I am the granddaughter of a pastor. A philandering, stealing, downright unkind Mennonite pastor. For many years, my mother and I would often ponder how difficult we found it to understand or empathize with my paternal grandmother and what appeared to be her unending loyalty to my bad grandpa until the day she died.
That was when I was 20. Okay, even 30. But as I mature as a human being, mother, and wife, and grow in my faith, I realize my grandmother was exemplifying a submissive wife. My grandmother may have even been exactly the kind of woman who is being featured in the new TLC show, “Submissive Wives’ Guide to Marriage,” much to the outrage and disdain of women (and I’m sure some men) worldwide.
When you think of human oddities and examining the most extreme of human conditions, TLC is the go-to microscope of the widely varied and strangest afflictions. Amid programming which features gigantic scrotum, trailer-park life, and beefy brats in crowns, to name a few, The Learning Channel sums up its latest offering with the following teaser: “Enter the private world of submissive wives, who believe a woman’s role is to serve and submit to her man.” Despite the inflammatory manner in which the feature is presented, the heart of the matter really isn’t off-base or offensive at all, especially in relation to network’s other high-ranking offerings.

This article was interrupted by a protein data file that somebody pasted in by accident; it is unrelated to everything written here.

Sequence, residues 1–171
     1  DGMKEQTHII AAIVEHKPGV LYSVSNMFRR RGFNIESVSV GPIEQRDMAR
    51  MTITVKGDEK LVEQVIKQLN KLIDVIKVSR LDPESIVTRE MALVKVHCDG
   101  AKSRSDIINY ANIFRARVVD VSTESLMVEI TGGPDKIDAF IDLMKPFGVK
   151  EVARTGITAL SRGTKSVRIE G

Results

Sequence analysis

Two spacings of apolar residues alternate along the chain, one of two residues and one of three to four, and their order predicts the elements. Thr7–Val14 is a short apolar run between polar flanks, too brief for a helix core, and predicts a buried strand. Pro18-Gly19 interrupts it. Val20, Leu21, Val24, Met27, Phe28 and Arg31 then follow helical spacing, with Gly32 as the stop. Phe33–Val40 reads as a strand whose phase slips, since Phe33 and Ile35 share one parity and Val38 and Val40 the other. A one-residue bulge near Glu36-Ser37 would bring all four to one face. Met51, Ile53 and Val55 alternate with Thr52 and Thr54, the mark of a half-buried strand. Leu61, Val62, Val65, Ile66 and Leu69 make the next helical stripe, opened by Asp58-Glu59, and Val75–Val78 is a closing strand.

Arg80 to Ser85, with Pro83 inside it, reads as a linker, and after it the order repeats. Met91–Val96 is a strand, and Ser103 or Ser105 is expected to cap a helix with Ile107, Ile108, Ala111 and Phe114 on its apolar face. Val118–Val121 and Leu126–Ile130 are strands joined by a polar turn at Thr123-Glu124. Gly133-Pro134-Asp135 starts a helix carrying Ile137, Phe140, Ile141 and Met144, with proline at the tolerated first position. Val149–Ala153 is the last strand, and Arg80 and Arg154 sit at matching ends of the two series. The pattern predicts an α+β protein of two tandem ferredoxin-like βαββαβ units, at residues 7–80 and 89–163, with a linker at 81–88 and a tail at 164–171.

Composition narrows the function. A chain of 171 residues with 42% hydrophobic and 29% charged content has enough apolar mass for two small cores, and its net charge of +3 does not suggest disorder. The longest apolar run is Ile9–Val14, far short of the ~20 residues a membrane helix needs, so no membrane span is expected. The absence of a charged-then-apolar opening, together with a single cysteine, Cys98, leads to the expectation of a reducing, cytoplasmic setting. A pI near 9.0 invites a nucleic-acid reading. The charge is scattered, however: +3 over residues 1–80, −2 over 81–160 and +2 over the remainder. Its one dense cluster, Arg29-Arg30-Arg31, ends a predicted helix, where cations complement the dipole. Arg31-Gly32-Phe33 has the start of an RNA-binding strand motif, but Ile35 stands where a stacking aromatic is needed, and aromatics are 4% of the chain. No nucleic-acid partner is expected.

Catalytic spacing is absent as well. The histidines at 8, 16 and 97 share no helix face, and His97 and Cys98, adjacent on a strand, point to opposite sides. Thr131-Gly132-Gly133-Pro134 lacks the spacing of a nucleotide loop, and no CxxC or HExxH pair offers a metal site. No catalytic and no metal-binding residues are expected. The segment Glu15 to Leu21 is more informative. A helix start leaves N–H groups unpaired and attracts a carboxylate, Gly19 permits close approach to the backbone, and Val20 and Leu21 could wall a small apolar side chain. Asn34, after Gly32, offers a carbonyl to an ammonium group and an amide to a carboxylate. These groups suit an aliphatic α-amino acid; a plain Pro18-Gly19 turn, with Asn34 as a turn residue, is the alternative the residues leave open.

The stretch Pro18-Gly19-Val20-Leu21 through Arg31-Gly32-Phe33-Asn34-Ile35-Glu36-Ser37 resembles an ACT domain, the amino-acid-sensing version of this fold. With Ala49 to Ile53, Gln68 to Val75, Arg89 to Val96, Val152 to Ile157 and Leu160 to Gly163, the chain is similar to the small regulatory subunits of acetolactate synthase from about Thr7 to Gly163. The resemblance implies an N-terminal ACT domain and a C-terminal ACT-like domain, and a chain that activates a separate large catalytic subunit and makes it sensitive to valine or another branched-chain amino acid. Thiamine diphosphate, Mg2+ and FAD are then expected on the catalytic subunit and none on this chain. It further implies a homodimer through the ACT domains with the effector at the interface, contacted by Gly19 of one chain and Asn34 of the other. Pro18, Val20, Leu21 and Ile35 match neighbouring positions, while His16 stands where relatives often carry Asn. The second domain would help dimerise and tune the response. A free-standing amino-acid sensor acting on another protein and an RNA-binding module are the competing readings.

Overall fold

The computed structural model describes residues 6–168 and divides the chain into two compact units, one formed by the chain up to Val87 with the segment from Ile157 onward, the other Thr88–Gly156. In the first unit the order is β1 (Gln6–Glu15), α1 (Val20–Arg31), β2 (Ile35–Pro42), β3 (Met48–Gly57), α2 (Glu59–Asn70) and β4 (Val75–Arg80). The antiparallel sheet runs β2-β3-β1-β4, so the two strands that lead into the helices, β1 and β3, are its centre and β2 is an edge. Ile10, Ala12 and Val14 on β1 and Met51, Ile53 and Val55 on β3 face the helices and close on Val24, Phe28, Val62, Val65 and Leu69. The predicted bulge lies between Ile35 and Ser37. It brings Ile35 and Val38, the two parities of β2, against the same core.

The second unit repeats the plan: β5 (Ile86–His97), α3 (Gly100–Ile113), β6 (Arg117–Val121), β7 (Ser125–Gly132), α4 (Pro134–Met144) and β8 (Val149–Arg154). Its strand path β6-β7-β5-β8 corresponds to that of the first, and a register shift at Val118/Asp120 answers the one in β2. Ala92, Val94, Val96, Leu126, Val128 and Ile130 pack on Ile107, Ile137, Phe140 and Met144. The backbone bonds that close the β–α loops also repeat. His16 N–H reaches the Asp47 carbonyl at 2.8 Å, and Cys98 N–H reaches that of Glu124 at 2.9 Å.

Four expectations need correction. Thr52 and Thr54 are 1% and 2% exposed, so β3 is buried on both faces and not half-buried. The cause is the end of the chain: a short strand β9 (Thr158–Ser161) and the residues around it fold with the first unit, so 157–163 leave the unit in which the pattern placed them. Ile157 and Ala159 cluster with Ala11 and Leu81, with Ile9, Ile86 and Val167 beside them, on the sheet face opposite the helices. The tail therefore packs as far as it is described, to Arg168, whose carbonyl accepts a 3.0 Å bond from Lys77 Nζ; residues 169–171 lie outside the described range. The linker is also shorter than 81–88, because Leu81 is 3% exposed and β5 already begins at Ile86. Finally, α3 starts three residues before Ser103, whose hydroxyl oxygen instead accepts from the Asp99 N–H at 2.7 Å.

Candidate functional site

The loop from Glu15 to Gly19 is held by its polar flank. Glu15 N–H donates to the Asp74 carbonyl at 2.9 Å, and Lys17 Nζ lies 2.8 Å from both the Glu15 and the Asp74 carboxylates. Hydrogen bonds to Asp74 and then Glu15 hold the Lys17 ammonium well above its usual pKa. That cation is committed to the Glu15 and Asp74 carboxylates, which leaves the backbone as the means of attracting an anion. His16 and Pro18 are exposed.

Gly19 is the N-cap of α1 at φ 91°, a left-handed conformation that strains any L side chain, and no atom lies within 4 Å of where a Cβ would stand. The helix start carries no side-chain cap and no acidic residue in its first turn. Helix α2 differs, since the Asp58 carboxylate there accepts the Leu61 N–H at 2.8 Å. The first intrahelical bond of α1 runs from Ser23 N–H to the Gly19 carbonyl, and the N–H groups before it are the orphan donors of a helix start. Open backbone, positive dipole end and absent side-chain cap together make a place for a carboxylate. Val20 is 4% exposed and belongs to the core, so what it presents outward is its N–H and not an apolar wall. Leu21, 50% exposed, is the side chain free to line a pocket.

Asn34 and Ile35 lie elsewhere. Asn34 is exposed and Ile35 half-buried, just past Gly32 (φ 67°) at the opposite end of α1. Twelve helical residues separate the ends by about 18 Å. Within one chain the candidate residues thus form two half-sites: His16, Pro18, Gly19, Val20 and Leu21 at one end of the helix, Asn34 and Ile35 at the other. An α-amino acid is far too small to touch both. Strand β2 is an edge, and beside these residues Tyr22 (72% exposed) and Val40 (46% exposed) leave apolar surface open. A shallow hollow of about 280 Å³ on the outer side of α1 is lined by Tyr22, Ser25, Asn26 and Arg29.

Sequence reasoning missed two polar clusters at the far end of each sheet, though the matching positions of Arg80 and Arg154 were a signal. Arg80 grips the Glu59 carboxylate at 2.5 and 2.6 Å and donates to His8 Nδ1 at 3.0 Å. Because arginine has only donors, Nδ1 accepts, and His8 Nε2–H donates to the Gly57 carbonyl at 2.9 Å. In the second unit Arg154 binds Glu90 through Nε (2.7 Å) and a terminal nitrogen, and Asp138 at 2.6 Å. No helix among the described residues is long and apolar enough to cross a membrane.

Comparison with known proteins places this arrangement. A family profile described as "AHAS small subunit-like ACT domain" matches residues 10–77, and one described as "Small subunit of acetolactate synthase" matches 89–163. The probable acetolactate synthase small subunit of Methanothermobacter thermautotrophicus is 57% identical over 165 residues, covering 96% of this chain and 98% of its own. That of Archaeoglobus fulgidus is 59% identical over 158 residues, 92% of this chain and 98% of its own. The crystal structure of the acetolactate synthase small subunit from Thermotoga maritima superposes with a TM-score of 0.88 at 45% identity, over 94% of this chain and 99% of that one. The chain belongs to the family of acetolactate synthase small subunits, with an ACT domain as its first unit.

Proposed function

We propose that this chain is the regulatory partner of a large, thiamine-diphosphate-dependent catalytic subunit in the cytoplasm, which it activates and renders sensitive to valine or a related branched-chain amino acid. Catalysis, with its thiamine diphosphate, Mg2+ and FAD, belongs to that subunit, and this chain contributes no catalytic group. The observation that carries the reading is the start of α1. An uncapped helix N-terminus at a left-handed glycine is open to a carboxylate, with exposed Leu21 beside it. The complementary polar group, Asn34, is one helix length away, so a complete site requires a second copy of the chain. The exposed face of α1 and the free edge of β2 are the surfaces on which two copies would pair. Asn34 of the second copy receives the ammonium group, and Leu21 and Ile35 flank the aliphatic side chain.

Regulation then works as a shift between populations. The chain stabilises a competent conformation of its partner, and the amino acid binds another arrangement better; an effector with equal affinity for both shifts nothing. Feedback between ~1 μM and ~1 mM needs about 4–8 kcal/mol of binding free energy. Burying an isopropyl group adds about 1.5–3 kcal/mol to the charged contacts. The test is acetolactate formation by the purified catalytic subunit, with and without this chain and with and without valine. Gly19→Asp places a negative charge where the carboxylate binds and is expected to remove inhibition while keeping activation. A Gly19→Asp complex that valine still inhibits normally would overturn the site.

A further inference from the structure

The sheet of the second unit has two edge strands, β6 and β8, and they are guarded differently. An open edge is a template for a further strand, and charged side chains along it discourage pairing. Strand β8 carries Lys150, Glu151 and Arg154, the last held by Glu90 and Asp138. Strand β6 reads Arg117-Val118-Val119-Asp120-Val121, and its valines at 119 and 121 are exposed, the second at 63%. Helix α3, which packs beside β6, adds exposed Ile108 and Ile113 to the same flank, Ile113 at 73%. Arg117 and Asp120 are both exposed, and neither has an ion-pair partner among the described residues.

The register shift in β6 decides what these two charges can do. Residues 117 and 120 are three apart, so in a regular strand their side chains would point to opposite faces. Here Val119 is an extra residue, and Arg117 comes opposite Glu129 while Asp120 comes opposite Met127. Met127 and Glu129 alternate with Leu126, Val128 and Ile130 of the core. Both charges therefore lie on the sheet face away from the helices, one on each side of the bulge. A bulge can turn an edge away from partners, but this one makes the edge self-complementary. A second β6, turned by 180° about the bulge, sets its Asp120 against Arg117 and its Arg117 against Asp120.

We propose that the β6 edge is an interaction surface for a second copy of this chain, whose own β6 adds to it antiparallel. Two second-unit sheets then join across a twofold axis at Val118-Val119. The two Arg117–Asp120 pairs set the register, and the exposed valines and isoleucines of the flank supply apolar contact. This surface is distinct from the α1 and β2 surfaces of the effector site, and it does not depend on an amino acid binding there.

We All Could Be More Submissive
Dictionary.com defines submissive as “inclined or ready to … yield to authority.” Let’s look past the closet S&M junkies and road ragers and assume a benevolent spiritual stance. Being a submissive wife doesn’t mean getting on your hands and knees and allowing your husband use you as an ottoman. It doesn’t mean being forced to do perform sexual acts against your will. It doesn’t mean sleeping outdoors (unless that’s your bag) while you cook him a big fat steak and tuck him into a featherbed. Cue the scene in the movie “Coming to America” where Eddie Murphy’s princely character demands that his arranged wife-to-be perform a series of humiliating—albeit giggle inducing—acts right before the big “I do.”